Labour have brought forward an Opposition Debate this morning on the subject of Value Added Tax on household energy bills, where they will call for the government to remove VAT on energy in the face of rising bills – incidentally, something only legally possible because of Brexit. This is quite some U-turn.
According to research from the Taxpayers’ Alliance, the Climate Change Levy (2001) and Renewables Obligation (2002) took £14.5 billion out of bill payers’ pockets under the Labour government. Ed Miliband was the last Labour Energy and Climate Change Secretary. The Tories have continued the trend, by upping the tax take on energy bills with green levies set to hit over £18 billion a year. These new taxes were introduced and by Labour…
As Energy Secretary, Miliband justified the added costs to business by saying we should sacrifice economic growth to cut emissions:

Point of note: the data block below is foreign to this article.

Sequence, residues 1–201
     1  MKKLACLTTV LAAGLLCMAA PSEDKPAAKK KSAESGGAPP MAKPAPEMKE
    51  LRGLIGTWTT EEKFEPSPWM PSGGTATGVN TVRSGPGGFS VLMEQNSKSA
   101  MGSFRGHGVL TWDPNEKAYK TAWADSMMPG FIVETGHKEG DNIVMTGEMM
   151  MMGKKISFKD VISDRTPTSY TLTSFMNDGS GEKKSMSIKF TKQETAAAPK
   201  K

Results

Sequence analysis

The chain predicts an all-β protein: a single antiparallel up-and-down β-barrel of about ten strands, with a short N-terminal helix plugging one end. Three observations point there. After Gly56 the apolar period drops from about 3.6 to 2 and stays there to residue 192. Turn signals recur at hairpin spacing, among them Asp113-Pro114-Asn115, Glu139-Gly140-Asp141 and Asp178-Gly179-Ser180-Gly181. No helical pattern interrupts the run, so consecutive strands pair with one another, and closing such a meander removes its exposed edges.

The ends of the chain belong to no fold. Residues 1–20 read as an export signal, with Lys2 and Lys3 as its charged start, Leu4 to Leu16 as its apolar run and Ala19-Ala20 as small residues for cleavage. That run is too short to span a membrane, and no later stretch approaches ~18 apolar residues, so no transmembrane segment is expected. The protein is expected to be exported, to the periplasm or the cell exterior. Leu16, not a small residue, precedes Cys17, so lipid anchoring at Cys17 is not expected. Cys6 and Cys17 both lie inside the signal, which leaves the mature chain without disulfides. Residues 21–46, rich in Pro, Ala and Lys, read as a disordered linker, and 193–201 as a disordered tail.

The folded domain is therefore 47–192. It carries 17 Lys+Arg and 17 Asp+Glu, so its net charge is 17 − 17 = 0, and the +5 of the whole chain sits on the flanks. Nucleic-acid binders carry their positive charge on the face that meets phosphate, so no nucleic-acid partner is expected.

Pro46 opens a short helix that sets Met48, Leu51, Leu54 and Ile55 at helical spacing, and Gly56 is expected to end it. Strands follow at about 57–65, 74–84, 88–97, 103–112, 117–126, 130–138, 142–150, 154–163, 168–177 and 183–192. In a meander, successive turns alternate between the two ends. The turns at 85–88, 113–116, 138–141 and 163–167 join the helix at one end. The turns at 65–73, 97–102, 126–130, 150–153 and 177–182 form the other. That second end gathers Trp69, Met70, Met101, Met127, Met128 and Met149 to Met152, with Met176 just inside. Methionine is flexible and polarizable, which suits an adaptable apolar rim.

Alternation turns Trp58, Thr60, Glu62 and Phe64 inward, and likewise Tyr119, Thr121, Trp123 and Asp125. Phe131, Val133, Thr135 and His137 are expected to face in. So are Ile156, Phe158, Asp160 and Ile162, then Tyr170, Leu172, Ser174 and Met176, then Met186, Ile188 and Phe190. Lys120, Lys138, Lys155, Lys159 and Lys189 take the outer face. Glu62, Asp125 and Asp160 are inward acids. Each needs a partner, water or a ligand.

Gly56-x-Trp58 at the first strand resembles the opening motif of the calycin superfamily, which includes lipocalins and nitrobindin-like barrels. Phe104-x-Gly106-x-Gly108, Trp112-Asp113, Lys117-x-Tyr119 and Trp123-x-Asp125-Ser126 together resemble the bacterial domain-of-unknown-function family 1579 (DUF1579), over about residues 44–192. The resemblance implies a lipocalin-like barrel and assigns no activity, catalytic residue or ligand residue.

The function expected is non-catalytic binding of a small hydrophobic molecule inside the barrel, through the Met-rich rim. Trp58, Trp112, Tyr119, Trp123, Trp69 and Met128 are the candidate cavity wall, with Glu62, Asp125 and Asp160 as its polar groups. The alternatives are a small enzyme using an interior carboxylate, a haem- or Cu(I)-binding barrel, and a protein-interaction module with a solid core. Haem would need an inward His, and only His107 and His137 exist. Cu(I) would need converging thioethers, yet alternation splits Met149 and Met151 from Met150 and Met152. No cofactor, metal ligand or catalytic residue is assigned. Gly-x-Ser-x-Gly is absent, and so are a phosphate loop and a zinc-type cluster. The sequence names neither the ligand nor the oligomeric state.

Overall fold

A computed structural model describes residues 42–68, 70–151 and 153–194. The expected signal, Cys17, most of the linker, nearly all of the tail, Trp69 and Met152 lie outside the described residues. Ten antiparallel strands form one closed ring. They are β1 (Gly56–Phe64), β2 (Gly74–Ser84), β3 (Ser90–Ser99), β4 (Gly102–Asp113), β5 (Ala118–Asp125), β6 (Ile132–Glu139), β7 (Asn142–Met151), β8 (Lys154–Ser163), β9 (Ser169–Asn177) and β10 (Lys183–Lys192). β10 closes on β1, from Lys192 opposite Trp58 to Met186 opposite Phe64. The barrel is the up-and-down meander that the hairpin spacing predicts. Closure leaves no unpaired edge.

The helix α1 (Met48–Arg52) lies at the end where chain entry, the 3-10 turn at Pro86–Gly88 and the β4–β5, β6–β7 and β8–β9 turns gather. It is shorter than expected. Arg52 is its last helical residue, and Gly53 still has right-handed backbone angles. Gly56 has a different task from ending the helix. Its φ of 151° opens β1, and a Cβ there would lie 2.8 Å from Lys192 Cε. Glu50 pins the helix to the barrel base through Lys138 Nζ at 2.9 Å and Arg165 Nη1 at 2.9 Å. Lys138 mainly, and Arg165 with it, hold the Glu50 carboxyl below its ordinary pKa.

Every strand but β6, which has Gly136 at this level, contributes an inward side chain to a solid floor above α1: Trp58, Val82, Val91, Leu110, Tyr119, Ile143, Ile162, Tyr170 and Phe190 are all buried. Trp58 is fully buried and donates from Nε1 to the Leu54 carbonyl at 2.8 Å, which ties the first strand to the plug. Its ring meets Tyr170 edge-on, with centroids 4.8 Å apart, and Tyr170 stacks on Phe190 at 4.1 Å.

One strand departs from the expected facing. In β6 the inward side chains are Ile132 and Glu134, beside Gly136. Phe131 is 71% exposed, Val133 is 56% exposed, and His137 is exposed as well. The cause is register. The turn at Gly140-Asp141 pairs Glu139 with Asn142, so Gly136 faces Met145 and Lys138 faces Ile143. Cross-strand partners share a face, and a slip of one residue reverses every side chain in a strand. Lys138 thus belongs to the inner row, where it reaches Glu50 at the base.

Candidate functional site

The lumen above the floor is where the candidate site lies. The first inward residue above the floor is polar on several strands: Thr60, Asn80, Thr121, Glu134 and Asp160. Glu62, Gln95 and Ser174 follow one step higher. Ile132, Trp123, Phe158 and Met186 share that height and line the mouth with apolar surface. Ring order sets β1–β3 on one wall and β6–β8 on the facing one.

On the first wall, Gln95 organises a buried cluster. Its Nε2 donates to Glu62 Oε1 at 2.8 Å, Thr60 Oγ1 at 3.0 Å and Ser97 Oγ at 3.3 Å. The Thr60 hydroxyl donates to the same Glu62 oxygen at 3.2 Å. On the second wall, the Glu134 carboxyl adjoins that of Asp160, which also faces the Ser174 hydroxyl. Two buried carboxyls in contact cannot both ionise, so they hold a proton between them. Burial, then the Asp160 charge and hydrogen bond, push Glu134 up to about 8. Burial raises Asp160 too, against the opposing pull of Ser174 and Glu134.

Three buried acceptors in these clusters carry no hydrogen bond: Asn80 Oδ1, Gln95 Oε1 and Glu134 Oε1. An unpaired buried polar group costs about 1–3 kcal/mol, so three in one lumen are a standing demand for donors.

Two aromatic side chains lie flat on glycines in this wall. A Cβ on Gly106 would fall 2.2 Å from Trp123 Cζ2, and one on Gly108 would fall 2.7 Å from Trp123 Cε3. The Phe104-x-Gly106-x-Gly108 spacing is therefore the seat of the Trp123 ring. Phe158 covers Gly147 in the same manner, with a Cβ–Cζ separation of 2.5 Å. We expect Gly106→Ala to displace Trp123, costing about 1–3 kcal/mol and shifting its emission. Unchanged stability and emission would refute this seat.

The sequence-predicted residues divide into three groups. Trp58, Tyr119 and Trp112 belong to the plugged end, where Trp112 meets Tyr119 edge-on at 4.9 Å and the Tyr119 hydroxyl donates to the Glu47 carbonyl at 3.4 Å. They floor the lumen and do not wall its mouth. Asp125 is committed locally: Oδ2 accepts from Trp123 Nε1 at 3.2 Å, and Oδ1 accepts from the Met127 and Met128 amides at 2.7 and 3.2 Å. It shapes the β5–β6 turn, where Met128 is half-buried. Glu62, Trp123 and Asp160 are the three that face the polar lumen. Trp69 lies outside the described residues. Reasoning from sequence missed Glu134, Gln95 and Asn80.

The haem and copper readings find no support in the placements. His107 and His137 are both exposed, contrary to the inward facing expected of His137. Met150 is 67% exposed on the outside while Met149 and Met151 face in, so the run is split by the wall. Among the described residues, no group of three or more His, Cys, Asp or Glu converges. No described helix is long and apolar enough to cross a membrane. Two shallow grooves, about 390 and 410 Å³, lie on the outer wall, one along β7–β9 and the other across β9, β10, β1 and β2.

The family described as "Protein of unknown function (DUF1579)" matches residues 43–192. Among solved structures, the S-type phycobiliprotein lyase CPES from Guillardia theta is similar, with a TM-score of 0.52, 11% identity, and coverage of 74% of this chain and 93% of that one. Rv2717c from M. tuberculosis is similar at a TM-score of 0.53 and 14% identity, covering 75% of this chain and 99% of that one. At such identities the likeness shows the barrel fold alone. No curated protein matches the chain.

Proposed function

“We can either lose three months or six months of economic growth, for the world, and act, or we face this huge risk in relation to the cost of adapting to climate change”.
Between 1997 and 2010, the average domestic gas bill went up by 105%, from £275 to £564, and the average electricity bill went up 47%, from £323 to £474. (Source DECC, Quarterly energy prices, table 2.2.1, December 2014).
The TaxPayers’ Alliance’s James Roberts says:
“It seems eco-preaching politicians are finally wising up to the fact that higher green taxes mean higher energy bills. Now they’ve got until April to do something about it, before taxpayers are hammered by rising bills and other tax hikes.”
Labour may have finally seen the light on energy taxes. Has the government?